The House Appropriations Committee on Thursday approved an amendment that would revoke a 2001 law giving the president authority to undertake war against al Qaeda and its affiliates unless a replacement provision is created.
Lawmakers applauded when the amendment was added by voice vote to the defense spending bill, highlighting the frustration many members of Congress feel about the Authorization for Use of Military Force (AUMF), which was initially approved to authorize the response to the Sept. 11, 2001, attacks.
It has since been used to justify the Iraq War and the fight against the Islamic State in Iraq and Syria.
The amendment from Rep. Barbara Lee of California — one of countless she has offered in recent years — is only a modest first step in getting Congress to update the authorization of military force that lawmakers adopted after the Sept. 11, 2001, terrorist attacks. But Thursday’s voice vote in the GOP-controlled Appropriations Committee is a symbolic move forward.
Even Republicans with military experience embraced Lee’s defense spending bill amendment, which would repeal the 2001 authorization. They noted that the anti-terror struggle has evolved markedly since the days when U.S. troops hunted Osama bin Laden in the mountains of Afghanistan, yet Congress has never debated and authorized the fight against newer extremist groups like the Islamic State in Iraq and Syria.
Congresswoman Barbara Lee, representing California’s 13th district and member of the House Appropriations Committee, chats with Rachel Maddow on the amendment. The video is below the text.
“She’s been a voice in the wilderness trying to get Congress to vote on military force, to debate military force, to stop relying all these years later on the last time they did that in 2001 after 9/11. Today years after trying to get it done, she got her amendment passed to do just that. It was approved in committee today, tons of bipartisan support. An apparent miracle. Spontaneous applause. Am I right that even you were caught by surprise?”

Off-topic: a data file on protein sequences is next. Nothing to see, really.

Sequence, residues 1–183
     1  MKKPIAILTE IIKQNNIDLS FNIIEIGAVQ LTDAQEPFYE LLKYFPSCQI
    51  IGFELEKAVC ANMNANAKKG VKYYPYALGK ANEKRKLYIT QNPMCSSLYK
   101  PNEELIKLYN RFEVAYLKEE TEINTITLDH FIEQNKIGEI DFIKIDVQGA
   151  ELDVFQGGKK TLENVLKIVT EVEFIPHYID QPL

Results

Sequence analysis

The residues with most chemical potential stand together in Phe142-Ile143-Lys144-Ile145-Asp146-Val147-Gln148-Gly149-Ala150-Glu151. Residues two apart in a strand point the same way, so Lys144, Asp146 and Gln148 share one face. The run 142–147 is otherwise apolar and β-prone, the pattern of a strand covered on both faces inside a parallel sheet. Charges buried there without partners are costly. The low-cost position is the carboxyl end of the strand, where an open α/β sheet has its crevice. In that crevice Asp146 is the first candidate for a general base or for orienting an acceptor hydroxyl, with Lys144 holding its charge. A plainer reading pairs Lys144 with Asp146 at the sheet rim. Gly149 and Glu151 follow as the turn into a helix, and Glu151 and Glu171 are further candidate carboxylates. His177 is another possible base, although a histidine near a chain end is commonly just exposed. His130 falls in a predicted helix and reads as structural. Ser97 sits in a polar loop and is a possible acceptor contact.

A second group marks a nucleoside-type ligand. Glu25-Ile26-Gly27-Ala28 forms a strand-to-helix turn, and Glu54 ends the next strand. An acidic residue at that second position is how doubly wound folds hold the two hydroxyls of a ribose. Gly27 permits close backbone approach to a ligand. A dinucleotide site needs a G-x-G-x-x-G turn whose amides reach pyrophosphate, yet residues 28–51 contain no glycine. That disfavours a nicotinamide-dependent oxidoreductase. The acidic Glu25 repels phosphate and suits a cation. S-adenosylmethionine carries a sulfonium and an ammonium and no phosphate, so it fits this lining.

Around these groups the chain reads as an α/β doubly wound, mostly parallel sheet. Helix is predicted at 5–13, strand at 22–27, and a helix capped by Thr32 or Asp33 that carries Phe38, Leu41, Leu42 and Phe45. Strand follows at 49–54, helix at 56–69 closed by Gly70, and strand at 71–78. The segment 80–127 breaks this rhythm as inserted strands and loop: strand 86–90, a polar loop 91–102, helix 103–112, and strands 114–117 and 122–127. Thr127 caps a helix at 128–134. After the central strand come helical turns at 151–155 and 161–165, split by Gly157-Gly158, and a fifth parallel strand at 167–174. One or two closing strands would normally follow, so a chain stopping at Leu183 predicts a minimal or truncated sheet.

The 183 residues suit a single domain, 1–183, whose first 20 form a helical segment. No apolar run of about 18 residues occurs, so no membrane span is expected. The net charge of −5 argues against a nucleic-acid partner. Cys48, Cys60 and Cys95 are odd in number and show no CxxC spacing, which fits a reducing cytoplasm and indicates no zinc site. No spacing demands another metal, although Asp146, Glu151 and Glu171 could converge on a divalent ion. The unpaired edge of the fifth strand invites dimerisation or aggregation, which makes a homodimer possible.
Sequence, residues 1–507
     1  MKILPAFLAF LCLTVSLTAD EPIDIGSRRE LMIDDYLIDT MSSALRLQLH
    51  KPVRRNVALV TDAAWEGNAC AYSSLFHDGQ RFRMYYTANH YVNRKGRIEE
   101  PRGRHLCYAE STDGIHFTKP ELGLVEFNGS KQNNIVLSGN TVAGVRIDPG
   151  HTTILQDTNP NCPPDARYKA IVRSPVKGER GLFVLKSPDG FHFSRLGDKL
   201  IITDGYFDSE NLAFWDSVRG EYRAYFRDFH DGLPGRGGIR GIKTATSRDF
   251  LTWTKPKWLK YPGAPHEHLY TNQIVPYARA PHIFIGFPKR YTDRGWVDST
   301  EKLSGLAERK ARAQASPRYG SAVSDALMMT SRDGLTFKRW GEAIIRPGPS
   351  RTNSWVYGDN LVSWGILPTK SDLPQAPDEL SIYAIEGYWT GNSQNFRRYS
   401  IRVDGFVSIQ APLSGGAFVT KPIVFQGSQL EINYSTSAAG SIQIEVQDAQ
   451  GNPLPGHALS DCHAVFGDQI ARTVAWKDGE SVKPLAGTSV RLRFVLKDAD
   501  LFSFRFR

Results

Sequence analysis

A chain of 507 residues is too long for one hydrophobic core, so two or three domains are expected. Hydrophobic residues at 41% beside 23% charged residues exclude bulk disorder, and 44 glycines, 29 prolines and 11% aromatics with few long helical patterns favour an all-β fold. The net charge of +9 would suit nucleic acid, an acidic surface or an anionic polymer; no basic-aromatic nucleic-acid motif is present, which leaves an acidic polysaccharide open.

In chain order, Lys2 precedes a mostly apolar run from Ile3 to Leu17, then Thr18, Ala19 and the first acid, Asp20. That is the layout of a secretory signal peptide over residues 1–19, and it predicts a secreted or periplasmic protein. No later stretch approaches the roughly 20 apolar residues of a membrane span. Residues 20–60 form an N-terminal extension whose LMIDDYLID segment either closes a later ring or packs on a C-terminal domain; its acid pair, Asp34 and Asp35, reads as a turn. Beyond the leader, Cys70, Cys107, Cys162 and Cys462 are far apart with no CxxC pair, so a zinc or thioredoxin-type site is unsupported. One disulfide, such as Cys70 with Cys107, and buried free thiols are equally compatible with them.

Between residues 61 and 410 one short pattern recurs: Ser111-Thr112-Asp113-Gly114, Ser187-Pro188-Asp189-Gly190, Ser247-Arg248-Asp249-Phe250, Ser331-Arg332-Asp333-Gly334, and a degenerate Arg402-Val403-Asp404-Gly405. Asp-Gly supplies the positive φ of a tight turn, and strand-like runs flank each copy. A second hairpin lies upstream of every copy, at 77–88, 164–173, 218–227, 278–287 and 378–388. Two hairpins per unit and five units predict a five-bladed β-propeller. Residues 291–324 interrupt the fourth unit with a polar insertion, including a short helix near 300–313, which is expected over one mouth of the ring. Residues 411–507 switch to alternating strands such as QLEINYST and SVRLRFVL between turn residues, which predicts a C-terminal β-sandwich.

“This is really a big deal. I was cautiously optimistic and I’ll tell you why. I have been working day and night and talking with republicans and democrats at least for 10 years of how why we should repeal this authorization. And I have tried every which way through amendments through appropriations, through amendments on the defense authorization bill, through freestanding legislation. I think the last time we got about 140 votes on the floor, somewhere around that. And so we’ve been building, I’ve been working very hard with my colleagues to try to get to this point. And so this was a major victory, I think, for the American people, for our young men and women in uniform, and for the country because Congress must stop being missing in action in matters on war and peace.”
“If this passes, it would give the Congress 8 months… a good long amount of time… to come up with a new authorization for the use of military force. Something new to declare that authorization so we’re no longer relying on what happened back 16 years ago.”
“Right. So upon the signing of this legislation, it would stay in effect for 8 months to give us time to debate the pros and cons of a new authorization to use force, debate the issues, and then vote up or down on a new authorization. The 2001 authorization, it was passed in three days with a couple of hours of debate. I don’t even think it was two hours of debate. And so Congress can and should pass a resolution in 8 months because the American people deserve this. It’s our job. We have been missing in action. And I’m so pleased that we had bipartisan support to do this.